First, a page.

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Minn. Senate race end pushed even further out

Minnesota's grueling U.S. Senate race, already dragging on two months past Election Day, has now moved even further from the voters — and into the hands of lawyers.
Republican Norm Coleman, along with his wife Laurie and several supporters, announces he is suing to challenge the results of the U.S. Senate.Dawn Villella / AP
/ Source: The Associated Press

Minnesota's grueling U.S. Senate race, already dragging on two months past Election Day, has now moved even further from the voters — and into the hands of lawyers.

Republican Norm Coleman filed a lawsuit Tuesday challenging Democrat Al Franken's apparent recount victory, likely keeping one of Minnesota's two U.S. Senate seats unoccupied for weeks or even months.

It promises to reopen many of the disputes that arose during the recount, and to raise new questions about the conduct of the election and the counting of ballots.

Coleman acknowledged a desire among some Minnesotans to move on, but said a larger principle than expediency is at stake.

"We are filing this contest to make absolutely sure every valid vote was counted and no one's was counted more than anyone else's," he said at a Capitol news conference filled with cheering supporters.

"Democracy is not a machine," Coleman said. "Sometimes it's messy and inconvenient, and reaching the best conclusion is never quick because speed is not the first objective, fairness is."

The lawsuit followed a state board's determination a day earlier that Franken captured 225 more votes in the November election. But state law prevents officials from issuing an election certificate until legal matters are resolved. Franken did not participate Tuesday when new U.S. senators took the oath of office in Washington.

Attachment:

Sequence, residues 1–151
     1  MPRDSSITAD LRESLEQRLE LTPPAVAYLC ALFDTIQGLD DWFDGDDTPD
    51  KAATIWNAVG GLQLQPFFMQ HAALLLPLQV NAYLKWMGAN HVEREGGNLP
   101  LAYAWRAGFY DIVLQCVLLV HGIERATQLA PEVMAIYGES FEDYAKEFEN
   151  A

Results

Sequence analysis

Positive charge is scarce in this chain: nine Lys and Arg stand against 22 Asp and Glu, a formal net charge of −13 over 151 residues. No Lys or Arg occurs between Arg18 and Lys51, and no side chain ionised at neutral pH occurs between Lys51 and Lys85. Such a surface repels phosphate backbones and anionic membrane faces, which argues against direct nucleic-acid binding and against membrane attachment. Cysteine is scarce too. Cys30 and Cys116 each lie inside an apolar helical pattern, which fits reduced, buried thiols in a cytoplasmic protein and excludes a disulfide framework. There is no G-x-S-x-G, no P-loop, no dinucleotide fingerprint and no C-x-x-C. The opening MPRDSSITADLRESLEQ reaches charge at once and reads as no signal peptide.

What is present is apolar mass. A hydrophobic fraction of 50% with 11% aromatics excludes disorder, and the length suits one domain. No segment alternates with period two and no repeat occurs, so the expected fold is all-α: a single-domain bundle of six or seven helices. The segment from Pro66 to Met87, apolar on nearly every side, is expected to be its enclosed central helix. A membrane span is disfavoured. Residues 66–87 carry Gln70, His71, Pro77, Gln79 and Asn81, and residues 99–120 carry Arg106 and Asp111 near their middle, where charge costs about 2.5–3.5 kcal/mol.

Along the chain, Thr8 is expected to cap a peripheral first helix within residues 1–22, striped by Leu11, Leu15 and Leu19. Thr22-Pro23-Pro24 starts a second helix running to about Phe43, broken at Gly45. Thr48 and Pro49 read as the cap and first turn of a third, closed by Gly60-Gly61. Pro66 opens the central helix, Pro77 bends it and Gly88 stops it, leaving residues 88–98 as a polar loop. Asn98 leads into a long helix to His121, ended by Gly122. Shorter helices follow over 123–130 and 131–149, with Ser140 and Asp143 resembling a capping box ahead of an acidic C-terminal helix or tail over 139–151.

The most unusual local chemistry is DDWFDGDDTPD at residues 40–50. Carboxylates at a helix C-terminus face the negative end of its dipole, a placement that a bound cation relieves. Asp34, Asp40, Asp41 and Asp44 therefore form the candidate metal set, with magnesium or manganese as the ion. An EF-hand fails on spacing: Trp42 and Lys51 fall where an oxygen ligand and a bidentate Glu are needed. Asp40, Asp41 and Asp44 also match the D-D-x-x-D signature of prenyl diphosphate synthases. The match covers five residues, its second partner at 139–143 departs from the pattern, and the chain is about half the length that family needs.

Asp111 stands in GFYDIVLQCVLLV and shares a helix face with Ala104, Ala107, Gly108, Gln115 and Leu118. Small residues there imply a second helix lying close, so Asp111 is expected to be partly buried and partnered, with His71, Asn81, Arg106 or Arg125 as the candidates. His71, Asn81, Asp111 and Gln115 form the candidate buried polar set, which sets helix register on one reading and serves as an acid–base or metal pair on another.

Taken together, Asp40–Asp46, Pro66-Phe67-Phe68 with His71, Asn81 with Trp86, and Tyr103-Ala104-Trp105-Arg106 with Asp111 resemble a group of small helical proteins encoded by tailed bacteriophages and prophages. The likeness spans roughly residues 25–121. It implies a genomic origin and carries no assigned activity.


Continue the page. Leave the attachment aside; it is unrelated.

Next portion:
Coleman attorney Fritz Knaak estimated the lawsuit could take at least two months to resolve.

Franken attorney Marc Elias called the lawsuit "essentially the same thin gruel, warmed-over leftovers from meals we've all been served over the last few weeks."

He said Coleman has the right to sue, but that doesn't mean his claims have merit, and he was confident Franken would prevail.

Elias refused to say whether the campaign believes the former "Saturday Night Live" personality should be seated while the election challenge is pending.

Franken e-mailed supporters Tuesday seeking donations to carry on the legal fight, just as Coleman did a day earlier.

Coleman, whose term expired Saturday, led Franken by 215 votes in the Nov. 4 count but that advantage flipped during a prolonged recount.

The critical task of picking a three-judge panel to hear the lawsuit won't be made by the Supreme Court's chief justice, Eric Magnuson, according to a court spokesman. Magnuson is delegating the decision to Justice Alan Page, who has the most seniority. Magnuson didn't give a reason for his recusal, but he served on the state board that determined Franken got more votes than Coleman.

Page has been on the court since his 1992 election in a nonpartisan race. He has been mentioned before as a possible Democratic candidate for political office.

A trial is supposed to commence within three weeks of the case being filed.

In going to court, Coleman has three big challenges: raising money to pay escalating legal bills, proving the election was flawed and managing the public's desire to have the race over.

"They definitely have an uphill fight on their hands," said Guy-Uriel Charles, a professor of election and constitutional law at the University of Minnesota. "Their legal theory will have to overcome a burden of proof, and then they have to find enough votes to overcome Franken's lead."

That could prove difficult, since any bloc of new votes would almost surely include some for Franken.

A lawsuit gives both sides options they lacked during the recount, such as accessing voter rolls, inspecting machines and introducing testimony from election workers.

Coleman's filing includes some of the points his lawyers have been making for weeks. It centers mainly around claims that hundreds of rejected absentee ballots from Republican-leaning areas should have been part of the recount, that some ballots in Democratic territory were counted twice and that election officials were wrong to use machine tallies for a Minneapolis precinct where ballots went missing.

But there are new angles, too.

The lawsuit alleges that the Canvassing Board made mistakes when determining voter intent on challenged ballots, that ineligible voters cast ballots and that some absentee ballots were erroneously opened early, raising chain-of-custody concerns.

Chief Justice Eric Magnuson of the Minnesota Supreme Court, an appointee of Republican Gov. Tim Pawlenty, is charged with selecting a three-judge panel to hear the case. A trial is supposed to commence within three weeks of Magnuson appointing the panel.

Coleman was asked at his news conference if he was certain he'd win his legal challenge.

"I can't say I'm 100 percent confident," he said. "I don't know what the outcome will be. It was a lot closer than I thought it would be."